JMC OS Page, views of GNU/Linux

JMC OS Page, views of GNU/Linux


These are notes related to Slackware I have written/collected over the years:


Slackware Version 14.2 came out in July 2016 and I quickly upgraded. This release had a lot of back end changes and again it has all the stability one expects when using Slackware. I would suggest you move to 14.2 if at all possible.

The Nvidia Driver I use is about to go out of support. In the past I would use the Install from Nvidia, for 14.2 I believe you should use the slackbuild since it will allow the driver to install without any issues. Nvidia's install had an issue with my system.

Out of the many backend changes, Slackware 14.2 now comes with OpenMotif, this means you should be able to compile just about any Motif applications without any issues. You can view the Changelog to see all the changes in 14.2, it is quite impressive.

Anyway, if you like Slackware as much as I do, please try and support the project by going here!


Slackware Version 14.1 came out in Nov 2013, I was going to try and wait for the dvd to arrive, but ended up installing it from a torrent download, which I kept up for a while to seed. The dvd arrived 2 weeks later.

As expected no issues going to 14.1 and it is very solid and stable release. Nouveau did have some issues with my hardware, see for details, but this issue is beyond the control of slackware itself.

Now the fun stuff! Release 14.1 again proves slackware is the best system for general UN*X development, opencobol was added as a standard package. With that you get all the major development languages as without extra work, it even includes clang, so no need to load extract packages.

So you get a lite and concise development system without fluff and because it now has both cobol and fortran, you can party like it is 1979 :)


Slackware Version 14.0 came out in Sept 2012, I originally was planning on skipping this release and stick with 13.37, for no other reason than the fact I liked the version number :) and was lazy.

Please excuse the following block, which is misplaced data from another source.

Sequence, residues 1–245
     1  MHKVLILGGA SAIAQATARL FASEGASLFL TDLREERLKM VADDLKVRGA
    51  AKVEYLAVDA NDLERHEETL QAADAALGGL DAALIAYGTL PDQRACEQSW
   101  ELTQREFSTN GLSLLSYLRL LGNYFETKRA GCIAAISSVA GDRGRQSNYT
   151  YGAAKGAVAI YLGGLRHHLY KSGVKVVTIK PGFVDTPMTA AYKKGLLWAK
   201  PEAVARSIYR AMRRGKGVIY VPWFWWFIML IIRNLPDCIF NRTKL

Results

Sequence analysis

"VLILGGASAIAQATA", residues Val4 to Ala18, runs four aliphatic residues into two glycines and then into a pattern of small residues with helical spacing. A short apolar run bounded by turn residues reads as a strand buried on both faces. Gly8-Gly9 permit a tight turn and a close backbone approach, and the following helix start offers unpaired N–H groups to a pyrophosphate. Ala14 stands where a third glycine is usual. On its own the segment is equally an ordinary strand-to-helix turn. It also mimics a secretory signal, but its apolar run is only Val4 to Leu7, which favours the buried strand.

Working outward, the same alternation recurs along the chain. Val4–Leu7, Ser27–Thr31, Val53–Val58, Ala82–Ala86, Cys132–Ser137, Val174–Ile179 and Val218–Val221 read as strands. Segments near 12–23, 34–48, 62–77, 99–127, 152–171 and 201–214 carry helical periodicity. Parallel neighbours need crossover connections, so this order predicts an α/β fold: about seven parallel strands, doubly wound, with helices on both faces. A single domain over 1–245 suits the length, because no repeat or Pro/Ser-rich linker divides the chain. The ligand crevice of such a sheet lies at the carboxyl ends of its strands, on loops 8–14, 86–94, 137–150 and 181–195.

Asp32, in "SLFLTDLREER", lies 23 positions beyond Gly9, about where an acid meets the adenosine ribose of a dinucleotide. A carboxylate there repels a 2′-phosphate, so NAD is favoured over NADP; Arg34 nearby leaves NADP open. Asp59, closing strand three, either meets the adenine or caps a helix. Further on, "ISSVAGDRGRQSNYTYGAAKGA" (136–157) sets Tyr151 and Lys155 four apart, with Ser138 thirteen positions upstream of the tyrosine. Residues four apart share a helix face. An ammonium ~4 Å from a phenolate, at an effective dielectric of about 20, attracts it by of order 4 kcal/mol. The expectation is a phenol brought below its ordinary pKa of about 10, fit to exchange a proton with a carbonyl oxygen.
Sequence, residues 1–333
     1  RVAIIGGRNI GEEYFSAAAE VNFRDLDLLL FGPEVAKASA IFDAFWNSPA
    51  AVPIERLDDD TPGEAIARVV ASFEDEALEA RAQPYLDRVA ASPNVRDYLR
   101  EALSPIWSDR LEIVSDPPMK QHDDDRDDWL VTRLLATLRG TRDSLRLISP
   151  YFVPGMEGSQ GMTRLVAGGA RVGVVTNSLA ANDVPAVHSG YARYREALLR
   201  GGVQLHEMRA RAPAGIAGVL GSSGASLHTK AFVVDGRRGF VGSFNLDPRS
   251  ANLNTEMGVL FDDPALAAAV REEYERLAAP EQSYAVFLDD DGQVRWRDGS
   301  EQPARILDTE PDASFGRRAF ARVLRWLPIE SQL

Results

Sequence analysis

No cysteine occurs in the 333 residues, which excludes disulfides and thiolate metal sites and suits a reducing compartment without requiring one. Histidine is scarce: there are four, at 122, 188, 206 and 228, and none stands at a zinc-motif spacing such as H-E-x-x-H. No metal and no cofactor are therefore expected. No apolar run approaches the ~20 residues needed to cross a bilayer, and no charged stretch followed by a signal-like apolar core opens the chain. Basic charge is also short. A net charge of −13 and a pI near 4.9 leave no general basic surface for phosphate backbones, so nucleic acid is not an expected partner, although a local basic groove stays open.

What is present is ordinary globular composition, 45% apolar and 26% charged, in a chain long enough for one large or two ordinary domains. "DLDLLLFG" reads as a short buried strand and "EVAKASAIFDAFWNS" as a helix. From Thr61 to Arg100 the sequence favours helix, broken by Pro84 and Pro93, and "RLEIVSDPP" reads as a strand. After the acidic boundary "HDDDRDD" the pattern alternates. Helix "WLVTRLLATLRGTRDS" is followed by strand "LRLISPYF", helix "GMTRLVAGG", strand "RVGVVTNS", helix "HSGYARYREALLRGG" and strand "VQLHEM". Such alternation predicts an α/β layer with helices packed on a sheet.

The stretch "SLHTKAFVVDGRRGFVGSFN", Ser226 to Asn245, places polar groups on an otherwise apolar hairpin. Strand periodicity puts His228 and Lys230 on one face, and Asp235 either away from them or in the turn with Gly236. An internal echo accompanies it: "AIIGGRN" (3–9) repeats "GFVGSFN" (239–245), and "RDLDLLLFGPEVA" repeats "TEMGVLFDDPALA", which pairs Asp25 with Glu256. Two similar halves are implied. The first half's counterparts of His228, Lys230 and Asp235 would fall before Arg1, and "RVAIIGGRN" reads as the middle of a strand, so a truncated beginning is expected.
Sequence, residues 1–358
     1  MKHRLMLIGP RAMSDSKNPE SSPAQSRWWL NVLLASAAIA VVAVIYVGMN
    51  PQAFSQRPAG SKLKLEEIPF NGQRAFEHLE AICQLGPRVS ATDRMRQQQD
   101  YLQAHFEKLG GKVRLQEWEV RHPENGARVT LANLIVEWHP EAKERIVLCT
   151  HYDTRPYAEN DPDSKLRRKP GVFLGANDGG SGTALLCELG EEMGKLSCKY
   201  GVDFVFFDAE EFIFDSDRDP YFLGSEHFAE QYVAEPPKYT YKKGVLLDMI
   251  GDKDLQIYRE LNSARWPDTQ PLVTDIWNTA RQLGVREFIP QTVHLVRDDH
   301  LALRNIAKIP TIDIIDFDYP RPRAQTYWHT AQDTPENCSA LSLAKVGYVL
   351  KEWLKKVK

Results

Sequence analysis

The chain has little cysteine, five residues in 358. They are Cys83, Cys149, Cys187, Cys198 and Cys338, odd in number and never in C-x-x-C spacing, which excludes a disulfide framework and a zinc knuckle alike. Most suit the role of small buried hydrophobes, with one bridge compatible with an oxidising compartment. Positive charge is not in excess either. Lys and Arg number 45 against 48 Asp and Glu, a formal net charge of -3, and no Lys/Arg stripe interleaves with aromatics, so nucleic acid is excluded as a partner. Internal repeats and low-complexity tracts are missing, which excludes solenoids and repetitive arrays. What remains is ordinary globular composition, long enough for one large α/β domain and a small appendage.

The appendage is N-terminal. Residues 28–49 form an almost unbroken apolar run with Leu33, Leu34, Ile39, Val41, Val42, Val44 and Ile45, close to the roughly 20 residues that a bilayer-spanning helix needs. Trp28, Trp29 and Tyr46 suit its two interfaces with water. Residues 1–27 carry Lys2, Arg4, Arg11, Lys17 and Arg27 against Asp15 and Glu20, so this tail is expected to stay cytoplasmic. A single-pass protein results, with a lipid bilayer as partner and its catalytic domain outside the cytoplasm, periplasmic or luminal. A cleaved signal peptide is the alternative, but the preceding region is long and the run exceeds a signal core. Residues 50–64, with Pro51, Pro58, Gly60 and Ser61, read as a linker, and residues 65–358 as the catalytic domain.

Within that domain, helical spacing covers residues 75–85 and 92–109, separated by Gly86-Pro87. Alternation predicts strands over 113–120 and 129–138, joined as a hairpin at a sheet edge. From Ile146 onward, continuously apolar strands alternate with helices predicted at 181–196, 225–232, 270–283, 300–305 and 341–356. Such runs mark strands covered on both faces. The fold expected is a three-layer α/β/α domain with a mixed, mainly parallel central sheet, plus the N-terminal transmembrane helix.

Turned out I could not resist, so in December I installed 14.0, I am quite glad I did. A lot of utilities were upgraded and seems networking is much faster than under 13.37. Network speed increases alone seems to have been worth the upgrade. It also comes with clang in addition to gcc. To me this keeps up it's reputation as a great development system.

The following relates to a change beyond the control of slackware, slackware has no choice but to implement it:


Slackware Version 13.37 came out around the end of April 2011, so I recently upgraded from v13.1 64 bit to slackware 13.37 64 bit.

So, in my opinion, slackware 13.37 is one of the best (if not the best) slackware release so far and a worthwhile system/release to use. Remember to upgrade fvwm2 using fvwm 2.6.1 from the extra on the DVD :)

I do not use kde, for some reason kde has always caused my eyes to strain, but seems the issue is much better starting with version 4.6x, I upgraded to 4.6 from AlienBob's site just to see how 4.6.x is. kde seems a bit complex for me, so I stick with my favorites vtwm and fvwm2 and rarely twm. From what I have seen, kde seems to be very nice, also I really like kde's applications and games :)


Slackware Version 13.1 came out around the end of May 2010, so I upgraded from v12.2 to slackware v13.1. For some reason I expected a slight performance 'hit' on my 1GHz PIII, turned out it seems slightly zipper and works a bit faster.


This page hit the WEB on Dec 16, 2008. It was created under slackware version 12.2 using vim.

I have been using slackware since about April 1995 (v2.2), First Question March 7, 1995 :)


Slackware Version 12.2 Version 12.2 came out around Dec 9, 2008, so the following weekend I upgraded. Of course it is working quite well and quickly on my 1GHz PIII. That is one thing you will always hear about slackware and Linux/GNU in general, it always works.

I found 12.2 to be a very nice release, I ended up skipping 13.0 because I did not want to do the upgrade.


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